Percutaneous Endoscopic Gastrostomy (PEG)

  • Medical Author:
    Jay W. Marks, MD

    Jay W. Marks, MD, is a board-certified internist and gastroenterologist. He graduated from Yale University School of Medicine and trained in internal medicine and gastroenterology at UCLA/Cedars-Sinai Medical Center in Los Angeles.

  • Medical Editor: William C. Shiel Jr., MD, FACP, FACR
    William C. Shiel Jr., MD, FACP, FACR

    William C. Shiel Jr., MD, FACP, FACR

    Dr. Shiel received a Bachelor of Science degree with honors from the University of Notre Dame. There he was involved in research in radiation biology and received the Huisking Scholarship. After graduating from St. Louis University School of Medicine, he completed his Internal Medicine residency and Rheumatology fellowship at the University of California, Irvine. He is board-certified in Internal Medicine and Rheumatology.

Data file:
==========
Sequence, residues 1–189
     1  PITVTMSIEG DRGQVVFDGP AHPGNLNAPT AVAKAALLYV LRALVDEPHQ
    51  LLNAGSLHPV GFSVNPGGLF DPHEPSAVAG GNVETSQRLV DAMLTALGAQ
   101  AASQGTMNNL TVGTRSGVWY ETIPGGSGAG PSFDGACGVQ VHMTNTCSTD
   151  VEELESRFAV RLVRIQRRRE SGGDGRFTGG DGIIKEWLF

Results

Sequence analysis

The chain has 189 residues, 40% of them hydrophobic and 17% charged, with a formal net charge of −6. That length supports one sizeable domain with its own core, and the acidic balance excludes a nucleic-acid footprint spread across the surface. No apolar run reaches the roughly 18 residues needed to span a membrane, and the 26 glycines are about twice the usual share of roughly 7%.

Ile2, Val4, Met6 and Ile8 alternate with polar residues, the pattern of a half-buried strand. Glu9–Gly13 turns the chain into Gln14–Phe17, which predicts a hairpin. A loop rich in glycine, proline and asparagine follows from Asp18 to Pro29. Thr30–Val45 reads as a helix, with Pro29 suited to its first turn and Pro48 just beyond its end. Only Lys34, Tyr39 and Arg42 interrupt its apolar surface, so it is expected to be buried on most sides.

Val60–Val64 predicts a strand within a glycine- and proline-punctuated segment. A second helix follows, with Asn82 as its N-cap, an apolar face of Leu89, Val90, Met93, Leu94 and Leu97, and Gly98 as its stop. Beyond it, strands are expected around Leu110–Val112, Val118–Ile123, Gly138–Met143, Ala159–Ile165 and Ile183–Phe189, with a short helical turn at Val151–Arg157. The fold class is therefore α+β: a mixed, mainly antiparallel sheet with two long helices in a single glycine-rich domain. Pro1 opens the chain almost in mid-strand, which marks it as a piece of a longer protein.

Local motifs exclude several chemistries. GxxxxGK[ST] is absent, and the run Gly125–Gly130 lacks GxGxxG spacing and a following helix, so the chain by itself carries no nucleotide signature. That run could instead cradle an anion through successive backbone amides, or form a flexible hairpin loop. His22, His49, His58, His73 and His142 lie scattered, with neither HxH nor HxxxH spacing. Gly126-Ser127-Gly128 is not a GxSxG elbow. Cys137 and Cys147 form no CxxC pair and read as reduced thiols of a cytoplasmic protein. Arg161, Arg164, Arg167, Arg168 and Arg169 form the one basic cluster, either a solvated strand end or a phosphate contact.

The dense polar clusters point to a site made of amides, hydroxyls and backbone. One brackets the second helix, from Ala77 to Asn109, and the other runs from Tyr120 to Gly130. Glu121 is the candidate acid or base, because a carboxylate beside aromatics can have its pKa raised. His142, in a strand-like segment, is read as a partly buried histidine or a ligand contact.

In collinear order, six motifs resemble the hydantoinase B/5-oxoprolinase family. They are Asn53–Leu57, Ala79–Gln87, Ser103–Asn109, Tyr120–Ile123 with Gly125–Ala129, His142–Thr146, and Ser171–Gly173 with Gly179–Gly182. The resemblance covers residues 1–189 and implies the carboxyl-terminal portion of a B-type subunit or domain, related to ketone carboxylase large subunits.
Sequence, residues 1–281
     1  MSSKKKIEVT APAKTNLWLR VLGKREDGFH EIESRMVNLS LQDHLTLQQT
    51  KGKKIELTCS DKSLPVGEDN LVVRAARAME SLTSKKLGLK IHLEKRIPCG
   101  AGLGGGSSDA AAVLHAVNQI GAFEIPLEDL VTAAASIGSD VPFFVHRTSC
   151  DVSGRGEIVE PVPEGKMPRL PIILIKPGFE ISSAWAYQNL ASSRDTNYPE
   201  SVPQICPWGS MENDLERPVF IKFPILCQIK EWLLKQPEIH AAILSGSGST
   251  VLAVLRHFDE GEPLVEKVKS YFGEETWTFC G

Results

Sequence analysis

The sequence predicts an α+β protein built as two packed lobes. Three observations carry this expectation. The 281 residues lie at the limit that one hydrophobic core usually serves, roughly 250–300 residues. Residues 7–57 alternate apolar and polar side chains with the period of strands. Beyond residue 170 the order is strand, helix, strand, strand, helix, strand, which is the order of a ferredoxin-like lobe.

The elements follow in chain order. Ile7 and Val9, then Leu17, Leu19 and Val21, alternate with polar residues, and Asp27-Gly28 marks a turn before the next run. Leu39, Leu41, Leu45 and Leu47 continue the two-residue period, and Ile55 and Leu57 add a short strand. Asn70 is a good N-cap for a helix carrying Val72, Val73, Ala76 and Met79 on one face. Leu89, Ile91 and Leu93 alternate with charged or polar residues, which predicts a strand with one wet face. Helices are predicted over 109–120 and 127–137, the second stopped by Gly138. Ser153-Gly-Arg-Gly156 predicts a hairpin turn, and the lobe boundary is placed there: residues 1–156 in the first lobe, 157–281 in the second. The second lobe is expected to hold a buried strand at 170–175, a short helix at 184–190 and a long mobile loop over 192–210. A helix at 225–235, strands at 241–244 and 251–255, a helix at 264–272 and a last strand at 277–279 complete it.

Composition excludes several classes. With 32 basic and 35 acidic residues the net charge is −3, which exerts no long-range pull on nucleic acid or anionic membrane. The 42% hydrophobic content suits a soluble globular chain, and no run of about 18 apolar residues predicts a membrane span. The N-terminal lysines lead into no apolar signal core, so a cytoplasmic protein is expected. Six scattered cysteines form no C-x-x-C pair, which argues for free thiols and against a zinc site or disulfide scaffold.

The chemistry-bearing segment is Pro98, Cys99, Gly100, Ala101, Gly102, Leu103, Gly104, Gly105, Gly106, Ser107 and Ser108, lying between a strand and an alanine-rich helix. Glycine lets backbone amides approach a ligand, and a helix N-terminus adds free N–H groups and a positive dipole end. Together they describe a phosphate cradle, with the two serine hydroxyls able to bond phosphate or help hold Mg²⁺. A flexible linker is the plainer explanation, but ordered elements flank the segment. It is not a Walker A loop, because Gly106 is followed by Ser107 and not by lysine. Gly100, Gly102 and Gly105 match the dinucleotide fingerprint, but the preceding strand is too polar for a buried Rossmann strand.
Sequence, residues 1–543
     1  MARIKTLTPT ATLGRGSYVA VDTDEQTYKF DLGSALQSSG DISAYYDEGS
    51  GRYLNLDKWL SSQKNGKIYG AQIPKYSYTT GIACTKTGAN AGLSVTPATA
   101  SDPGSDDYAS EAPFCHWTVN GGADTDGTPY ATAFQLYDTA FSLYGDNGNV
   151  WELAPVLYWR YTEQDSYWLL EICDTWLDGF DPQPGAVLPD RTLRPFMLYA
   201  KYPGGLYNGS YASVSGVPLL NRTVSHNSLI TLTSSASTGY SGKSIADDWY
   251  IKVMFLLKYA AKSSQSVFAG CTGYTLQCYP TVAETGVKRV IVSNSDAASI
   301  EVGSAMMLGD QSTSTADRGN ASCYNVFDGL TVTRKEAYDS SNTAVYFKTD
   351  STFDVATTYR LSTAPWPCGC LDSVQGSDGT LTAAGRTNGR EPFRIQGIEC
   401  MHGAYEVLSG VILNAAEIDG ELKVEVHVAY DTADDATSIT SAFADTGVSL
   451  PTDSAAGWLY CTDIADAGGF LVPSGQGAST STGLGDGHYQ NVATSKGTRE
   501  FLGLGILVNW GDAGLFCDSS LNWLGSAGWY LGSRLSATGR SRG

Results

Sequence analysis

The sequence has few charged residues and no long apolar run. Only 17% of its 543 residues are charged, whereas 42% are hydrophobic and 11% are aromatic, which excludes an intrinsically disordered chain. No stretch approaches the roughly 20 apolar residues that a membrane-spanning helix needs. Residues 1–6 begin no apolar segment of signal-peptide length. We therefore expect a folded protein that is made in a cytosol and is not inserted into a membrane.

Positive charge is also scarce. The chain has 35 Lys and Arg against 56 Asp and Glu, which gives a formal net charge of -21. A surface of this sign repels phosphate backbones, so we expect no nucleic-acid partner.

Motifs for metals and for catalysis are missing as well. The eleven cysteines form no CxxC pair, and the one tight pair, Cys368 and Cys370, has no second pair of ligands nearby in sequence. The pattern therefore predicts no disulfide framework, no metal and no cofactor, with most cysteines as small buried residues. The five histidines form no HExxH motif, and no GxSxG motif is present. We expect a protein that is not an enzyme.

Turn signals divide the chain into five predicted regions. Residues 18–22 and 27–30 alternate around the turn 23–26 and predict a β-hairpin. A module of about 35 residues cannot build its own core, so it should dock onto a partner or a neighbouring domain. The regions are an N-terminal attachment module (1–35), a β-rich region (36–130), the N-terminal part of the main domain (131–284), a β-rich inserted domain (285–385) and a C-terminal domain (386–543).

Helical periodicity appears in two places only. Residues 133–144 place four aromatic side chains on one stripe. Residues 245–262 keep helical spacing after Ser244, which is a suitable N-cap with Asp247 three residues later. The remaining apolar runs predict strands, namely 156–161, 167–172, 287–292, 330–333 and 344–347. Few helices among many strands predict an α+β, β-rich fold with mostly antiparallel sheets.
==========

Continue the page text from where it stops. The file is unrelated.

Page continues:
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What are the advantages of percutaneous endoscopic gastrostomy?

Percutaneous endoscopic gastrostomy takes less time, carries less risk and costs less than a surgical gastrostomy which requires opening the abdomen. Percutaneous endoscopic gastrostomy is a commonly-performed so there are many physicians with experience in performing the procedure. When feasible, percutaneous endoscopic gastrostomy is preferable to a surgical gastrostomy.

Medically reviewed by Martin E. Zipser, MD; American Board of Surgery

REFERENCE:

"Gastrostomy tubes: Placement and routine care"
uptodate.com

Medically Reviewed by a Doctor on 6/10/2015
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